* Natalie Cook attacks the hill on Saturday at the Garmin RunningLane Cross Country Championships
Photo Credit: Bobby Reyes/MileSplit
HUNTSVILLE, ALABAMA -- It may have taken an entire cross country season to come to this conclusion, a revealing of the nation's best girls distance runner, but perhaps on Saturday we finally saw that question get answered.
Midway through the Garmin RunningLane Cross Country Championships at John Hunt Park, Flower Mound's Natalie Cook broke away from the pack and didn't look back.
The MileSplit50 No. 3 ranked Texan utilized strong work on the hills and then ramped up her turnover on the flat and downhill sections as she ultimately pulled away from a contingent that included three nationally-ranked runners, winning the national championship in a new U.S. No. 1 time of 16:03.93, which also becomes the second-fastest individual performance ever recorded in high school girls cross country.
"I just had to keep pushing," Cook said. "I heard my dad keep saying, 'They're right there.' He always likes to say that to keep push me. So I like having more motivation to keep pushing. Sometimes I get lost. I get stuck and stay in a rhythm."
Cook now only trails Jenna Hutchins, who broke 16 minutes on this very course and ran 15:58 to win the debut RunningLane National Cross Country Championships in 2020.
Cook was followed by Indianapolis Bishop Chatard's Lily Cridge, whose time of 16:22.81 now becomes an all-time Indiana record. Cherry Creek's Riley Stewart was third in 16:28.38, Jenna Mulhern was fourth in 16:29.51 and Dalia Frias was fifth in 16:37.20.
When asked to describe how she felt during the race, Cook simply said she was zoned in. But for not the reason you may expect.
"I can't really see," she said. "I'm kind of blind. I saw like 15:57 on the clock and then I finished in 16:02. But yeah."
The performances on Saturday were among the best in high school history, with 20 girls going under the elusive 17-minute barrier and 129 girls under 18 minutes. And on that end, it was one of the most impressive displays of team racing over the season.
The MileSplit No. 3 ranked Niwot girls finished within the first 75 places amid their scoring five and all seven were under 18 minutes, compiling a 17:22 average.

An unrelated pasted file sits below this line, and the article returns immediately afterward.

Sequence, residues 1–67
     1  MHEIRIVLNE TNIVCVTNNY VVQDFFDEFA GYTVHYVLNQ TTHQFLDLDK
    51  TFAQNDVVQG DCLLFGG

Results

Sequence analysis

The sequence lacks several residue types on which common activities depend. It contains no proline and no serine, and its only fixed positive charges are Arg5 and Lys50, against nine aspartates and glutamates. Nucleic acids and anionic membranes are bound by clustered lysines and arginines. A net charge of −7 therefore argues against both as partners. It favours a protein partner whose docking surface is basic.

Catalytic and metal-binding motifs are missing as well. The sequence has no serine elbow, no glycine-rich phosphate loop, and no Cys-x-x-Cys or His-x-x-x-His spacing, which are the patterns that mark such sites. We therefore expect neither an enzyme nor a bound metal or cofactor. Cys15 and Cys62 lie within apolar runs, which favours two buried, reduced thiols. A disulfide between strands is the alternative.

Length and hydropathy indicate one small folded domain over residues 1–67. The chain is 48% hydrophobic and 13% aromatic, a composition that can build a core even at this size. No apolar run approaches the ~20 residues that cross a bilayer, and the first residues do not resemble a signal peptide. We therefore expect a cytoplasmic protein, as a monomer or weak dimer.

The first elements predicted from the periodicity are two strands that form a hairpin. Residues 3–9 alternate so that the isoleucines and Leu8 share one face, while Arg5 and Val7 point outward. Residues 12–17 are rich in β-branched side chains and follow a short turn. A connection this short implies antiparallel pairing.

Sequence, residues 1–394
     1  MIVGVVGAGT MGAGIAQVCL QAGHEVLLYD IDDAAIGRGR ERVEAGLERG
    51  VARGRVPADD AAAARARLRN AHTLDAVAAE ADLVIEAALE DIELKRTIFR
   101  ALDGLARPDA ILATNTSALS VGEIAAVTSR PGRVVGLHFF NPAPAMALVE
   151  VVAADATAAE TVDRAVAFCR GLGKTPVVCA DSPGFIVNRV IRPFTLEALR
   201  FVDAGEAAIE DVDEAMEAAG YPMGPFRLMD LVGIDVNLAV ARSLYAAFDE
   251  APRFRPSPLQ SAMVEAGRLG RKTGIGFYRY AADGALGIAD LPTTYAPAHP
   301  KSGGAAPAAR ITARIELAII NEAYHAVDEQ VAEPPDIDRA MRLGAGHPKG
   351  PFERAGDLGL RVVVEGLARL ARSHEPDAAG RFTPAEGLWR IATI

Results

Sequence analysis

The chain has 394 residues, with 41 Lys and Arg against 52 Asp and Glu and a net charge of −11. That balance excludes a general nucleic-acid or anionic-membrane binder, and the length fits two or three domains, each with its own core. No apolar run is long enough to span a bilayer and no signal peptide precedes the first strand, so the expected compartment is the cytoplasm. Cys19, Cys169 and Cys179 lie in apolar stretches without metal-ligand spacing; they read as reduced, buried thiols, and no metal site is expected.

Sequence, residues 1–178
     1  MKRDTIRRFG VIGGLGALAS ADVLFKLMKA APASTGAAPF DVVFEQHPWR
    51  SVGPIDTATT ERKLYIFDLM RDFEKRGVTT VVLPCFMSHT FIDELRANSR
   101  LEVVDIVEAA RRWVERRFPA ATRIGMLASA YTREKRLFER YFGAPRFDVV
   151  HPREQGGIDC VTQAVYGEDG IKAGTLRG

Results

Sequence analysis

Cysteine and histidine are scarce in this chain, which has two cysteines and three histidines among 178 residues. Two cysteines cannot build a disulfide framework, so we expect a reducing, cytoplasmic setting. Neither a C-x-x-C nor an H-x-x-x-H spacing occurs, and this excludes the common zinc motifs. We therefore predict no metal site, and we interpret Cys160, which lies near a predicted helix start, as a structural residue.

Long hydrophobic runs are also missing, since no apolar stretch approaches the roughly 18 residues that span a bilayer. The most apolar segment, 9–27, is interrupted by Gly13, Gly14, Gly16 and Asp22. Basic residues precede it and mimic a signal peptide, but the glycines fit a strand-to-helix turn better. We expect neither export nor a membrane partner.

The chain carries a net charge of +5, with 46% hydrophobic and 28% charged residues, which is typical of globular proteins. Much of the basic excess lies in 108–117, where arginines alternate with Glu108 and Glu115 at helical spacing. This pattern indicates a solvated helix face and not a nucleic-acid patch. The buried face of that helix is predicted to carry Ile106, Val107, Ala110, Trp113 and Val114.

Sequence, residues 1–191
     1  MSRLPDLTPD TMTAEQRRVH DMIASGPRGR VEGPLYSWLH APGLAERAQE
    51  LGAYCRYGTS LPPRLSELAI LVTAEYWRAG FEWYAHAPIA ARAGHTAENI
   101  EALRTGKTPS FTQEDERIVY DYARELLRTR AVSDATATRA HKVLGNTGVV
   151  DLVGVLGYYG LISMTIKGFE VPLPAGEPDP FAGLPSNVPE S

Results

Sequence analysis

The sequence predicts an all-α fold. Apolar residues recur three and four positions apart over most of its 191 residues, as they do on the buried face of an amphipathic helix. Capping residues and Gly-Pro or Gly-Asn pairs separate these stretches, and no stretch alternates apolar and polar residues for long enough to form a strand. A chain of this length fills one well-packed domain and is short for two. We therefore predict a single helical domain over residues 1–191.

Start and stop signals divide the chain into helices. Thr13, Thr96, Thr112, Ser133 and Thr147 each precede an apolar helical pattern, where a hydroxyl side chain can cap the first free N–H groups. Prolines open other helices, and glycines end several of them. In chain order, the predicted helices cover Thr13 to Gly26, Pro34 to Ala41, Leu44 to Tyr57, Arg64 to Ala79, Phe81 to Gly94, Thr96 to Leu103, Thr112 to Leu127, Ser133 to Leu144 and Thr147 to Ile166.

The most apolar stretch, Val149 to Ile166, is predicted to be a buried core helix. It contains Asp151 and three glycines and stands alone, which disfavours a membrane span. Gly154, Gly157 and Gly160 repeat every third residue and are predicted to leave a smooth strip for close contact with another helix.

"It's amazing. The crowd, it just pushes you to the finish." -- Natalie Cook
The Cougars scored 112 points, fighting off a high-flying Buchanan team, which rebounded in the later miles with stellar finishes en route to 140 points. Arapahoe, the Colorado Class 4A champion, was third with 213 points and York was fourth with 214. Cherry Creek finished in fifth with 237 points.
The field included 15 of the nation's top 25 teams and just under 300 athletes. Athletes from nearly every state comprised the field.
"I think it's really cool," Niwot senior Eva Klingbeil said of the team's finish. "It's been what we've been working for all season. I feel like we're all running for each other and trying to hurt for each other and just do what we've been doing all season in workouts."
As the team points were being decided in the mid-pack, though, the individual race was heating up.
Cook, Stewart and Cridge, along with Dalia Frias and Jenna Mulhern, all separated from the pack near the two-mile mark.
Photo Credit: Bobby Reyes/MileSplit
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But it was Cook who began to extend her lead over the lead pack through the undulating course in the second mile.
"Natalie kind of went on that back hill," Stewart said. "I was like, 'Man, we're moving!' And so I was just like, I tried to hold it all the way through the line, stay comfortable and stay fast."
Cridge got somewhat close, separating from Stewart and Mulhern late.
The Indiana-based athlete was ecstatic with the performance. Only weeks earlier, she had contemplated shutting down her season after a hard race at the Team Midwest Regional.
"I'm just so grateful because I actually, after the [Team Midwest Region] I was actually not planning on doing this race," she said. "Two weeks out, I was like, you know what, my legs feel good. Might as well. I have more. I'm hungry for more.
"I decided and I'm so so so grateful I made the decision to race."
Near the finish, Cook began to leg out and show the turnover that made her one of the nation's fastest runners this fall.
"It's amazing," said Cook, who is coached by her father Andrew. "The crowd, it just pushes you to the finish."
Just hours later, Cook and her team jumped back into the car and made the nearly two-hour drive north to Nashville, where the team would fly back to Texas.
A job completed, Cook would set her sights on the Eastbay Cross Country Championships on Dec. 11, perhaps gaining another opportunity to win her second national title.